A New Quality in the Book Market

Recent conversations and experiences brought my attention back to the deterioration of quality in published books. Most people think that the eBook market is to blame for the lack of care for quality or authorship. However, I do not think that this means that the quality will keep going down or that this trend will continue.

Originally being a facilitator for writers by offering services, publishers became the dominant force, telling writers what to write, because the market demanded it – thus sticking with the tried and true, which had proven to make money. As a result, the moment it became technologically possible, writers tried to escape from those shackles, and get back to writing what they considered valuable – in that view the publishing industry killed their own viability.

But in combination with the idea that natural talents don’t exist and that everybody can learn to write a book, this easy access technology enticed countless other to try as well. most in the hope for fame or money, which is the situation we find ourselves in today: the market is overflowing with rehashed ideas, many written by teens, often without proper editing, and catering to an audience that seeks to escape reality. Or rather, to provide a hopeless generation with something to hold onto: the mountain of apocalypse stories gives readers unconsciously the feeling that if such disasters can be overcome by their heroic (teen) characters, then surely the real world can also become right again. In other words, this kind of reading material is serving a psychological need.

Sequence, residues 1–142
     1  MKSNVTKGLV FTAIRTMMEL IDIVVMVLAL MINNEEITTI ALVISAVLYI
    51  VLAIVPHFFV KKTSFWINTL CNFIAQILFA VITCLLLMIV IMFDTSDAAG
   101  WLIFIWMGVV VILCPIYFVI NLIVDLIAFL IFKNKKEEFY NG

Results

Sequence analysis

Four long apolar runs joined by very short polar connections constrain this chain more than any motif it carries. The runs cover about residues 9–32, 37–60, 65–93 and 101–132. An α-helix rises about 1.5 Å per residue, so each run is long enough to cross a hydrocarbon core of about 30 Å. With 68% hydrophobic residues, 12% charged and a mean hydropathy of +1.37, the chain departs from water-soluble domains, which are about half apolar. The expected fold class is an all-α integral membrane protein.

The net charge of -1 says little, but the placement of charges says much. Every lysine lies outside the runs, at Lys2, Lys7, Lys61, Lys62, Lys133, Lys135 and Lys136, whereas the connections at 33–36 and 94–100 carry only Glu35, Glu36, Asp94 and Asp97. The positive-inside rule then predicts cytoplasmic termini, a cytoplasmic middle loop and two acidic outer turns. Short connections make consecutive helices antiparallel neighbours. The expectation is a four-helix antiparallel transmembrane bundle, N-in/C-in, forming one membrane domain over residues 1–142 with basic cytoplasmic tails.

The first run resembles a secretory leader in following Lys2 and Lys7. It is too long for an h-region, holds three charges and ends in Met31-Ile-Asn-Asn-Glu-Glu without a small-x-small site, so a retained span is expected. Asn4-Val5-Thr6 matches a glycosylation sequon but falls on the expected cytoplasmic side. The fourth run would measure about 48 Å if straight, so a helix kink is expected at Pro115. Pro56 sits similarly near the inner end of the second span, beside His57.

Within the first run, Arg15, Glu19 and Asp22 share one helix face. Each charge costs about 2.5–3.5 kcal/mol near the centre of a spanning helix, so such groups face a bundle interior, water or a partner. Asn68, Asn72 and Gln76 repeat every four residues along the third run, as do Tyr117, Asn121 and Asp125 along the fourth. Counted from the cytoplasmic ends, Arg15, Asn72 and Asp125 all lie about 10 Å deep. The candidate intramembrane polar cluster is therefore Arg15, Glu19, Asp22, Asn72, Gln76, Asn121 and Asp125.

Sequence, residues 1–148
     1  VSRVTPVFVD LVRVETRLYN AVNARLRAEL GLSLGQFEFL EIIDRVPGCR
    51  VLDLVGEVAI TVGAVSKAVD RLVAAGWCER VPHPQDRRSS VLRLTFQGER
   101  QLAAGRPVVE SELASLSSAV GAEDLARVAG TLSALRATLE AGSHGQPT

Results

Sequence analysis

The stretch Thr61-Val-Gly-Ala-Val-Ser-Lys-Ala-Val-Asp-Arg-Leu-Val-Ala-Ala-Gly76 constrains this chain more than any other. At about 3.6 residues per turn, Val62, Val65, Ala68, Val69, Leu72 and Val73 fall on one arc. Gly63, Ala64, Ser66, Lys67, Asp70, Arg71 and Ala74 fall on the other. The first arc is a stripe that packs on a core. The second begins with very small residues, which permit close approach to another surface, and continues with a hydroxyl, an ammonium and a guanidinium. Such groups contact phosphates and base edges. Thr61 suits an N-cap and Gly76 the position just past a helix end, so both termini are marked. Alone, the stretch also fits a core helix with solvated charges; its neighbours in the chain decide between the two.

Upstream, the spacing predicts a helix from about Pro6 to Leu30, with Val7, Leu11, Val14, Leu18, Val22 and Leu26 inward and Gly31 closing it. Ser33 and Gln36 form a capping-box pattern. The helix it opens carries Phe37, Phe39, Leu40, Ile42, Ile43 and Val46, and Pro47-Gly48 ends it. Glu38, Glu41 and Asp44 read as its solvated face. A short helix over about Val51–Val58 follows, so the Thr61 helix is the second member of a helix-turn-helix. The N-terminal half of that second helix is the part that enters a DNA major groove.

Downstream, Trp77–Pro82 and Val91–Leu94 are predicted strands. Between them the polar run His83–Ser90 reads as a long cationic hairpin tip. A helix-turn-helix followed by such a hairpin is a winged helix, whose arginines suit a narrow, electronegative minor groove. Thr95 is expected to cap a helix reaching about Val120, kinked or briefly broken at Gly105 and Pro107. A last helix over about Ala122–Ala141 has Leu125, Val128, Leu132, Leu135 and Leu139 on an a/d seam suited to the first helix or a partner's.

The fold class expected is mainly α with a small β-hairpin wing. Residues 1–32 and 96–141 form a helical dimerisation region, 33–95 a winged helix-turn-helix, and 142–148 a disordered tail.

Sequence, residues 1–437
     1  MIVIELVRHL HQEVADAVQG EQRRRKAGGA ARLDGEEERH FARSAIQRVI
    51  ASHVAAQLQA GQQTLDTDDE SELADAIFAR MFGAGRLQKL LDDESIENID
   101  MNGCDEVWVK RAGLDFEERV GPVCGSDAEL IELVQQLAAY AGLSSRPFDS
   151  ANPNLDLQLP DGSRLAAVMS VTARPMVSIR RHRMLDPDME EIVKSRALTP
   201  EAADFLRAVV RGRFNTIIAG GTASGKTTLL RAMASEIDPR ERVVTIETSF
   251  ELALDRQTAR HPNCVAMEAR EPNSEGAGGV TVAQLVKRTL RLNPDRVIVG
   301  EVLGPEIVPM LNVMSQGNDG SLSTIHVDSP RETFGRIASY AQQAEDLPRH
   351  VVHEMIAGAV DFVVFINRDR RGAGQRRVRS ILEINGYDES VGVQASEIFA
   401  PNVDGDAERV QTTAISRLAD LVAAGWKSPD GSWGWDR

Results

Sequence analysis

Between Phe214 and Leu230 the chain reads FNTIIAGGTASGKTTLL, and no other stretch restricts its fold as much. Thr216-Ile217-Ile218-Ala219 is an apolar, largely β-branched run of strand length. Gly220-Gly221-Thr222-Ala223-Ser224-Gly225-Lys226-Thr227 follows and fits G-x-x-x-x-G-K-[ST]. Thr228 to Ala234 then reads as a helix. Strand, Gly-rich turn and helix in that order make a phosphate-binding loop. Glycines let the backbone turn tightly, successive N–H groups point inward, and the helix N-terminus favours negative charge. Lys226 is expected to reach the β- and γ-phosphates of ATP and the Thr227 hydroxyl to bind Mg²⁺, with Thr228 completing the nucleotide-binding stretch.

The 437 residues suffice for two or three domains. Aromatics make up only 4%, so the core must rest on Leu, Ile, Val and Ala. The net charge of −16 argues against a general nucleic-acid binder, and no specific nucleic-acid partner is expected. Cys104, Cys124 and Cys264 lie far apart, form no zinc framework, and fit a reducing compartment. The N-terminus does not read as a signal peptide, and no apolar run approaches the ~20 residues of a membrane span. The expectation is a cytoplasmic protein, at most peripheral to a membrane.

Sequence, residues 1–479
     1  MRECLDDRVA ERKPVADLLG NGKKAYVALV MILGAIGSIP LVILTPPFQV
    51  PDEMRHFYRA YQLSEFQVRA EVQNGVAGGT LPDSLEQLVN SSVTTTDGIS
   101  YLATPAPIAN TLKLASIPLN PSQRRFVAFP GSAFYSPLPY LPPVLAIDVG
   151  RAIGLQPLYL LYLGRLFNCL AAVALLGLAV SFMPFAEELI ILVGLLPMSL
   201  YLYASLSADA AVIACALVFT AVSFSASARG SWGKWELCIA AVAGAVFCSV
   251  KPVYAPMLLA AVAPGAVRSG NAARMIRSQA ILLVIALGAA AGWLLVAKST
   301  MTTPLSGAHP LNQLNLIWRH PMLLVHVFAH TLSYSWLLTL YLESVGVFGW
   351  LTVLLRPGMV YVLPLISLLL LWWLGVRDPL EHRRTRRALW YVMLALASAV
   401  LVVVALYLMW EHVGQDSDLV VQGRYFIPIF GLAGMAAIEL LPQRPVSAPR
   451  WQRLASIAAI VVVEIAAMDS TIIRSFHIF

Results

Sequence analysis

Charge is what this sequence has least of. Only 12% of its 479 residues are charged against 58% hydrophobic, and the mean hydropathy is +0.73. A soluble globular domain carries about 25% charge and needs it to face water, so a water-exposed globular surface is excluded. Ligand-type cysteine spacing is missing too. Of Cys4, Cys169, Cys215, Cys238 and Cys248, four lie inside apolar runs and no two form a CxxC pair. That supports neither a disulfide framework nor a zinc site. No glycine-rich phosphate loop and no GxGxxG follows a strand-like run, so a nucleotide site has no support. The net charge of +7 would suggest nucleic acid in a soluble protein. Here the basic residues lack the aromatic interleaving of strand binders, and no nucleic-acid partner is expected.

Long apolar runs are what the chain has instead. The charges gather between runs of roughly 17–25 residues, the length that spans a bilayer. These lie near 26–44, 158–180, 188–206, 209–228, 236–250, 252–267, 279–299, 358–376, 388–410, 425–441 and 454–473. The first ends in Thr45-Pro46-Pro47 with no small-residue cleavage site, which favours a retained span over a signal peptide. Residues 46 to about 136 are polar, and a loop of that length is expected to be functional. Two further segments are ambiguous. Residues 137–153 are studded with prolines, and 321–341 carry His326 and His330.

But this isn’t a downward spiral that will continue, but rather a transition period. We are already seeing new organizations popping up, ready to help those writers who are serious about quality. We see websites that frown on self promotion, and websites that compile lists of quality books that are then presented to libraries. More help in marketing is becoming available for those writers who cannot deal with this or with the electronic world. And many publishers are scrambling back, trying to do better by writers. There is also more demand for new topics, and not just to get away from the real world, but countless anthologies are popping up looking for writers to help shape a new future. In other words, they are appealing to that what writers tend to be good at: to speculate and imagine.

This sort of new quality control will start weeding out those who write simply because it is the fashion to do so. This will reduce the number of hopefuls in university classes who believe that writing is simply a technique, and slowly bring in a new infrastructure, in which the old-fashioned publishers are replaced, but story telling itself will not go away. We writers need to simply ride out this transition and support each other as best we can, but not give up.

Of course, we need to also watch that this new infrastructure will not start dictating topics and content again, but let us hope some people can learn from the past.

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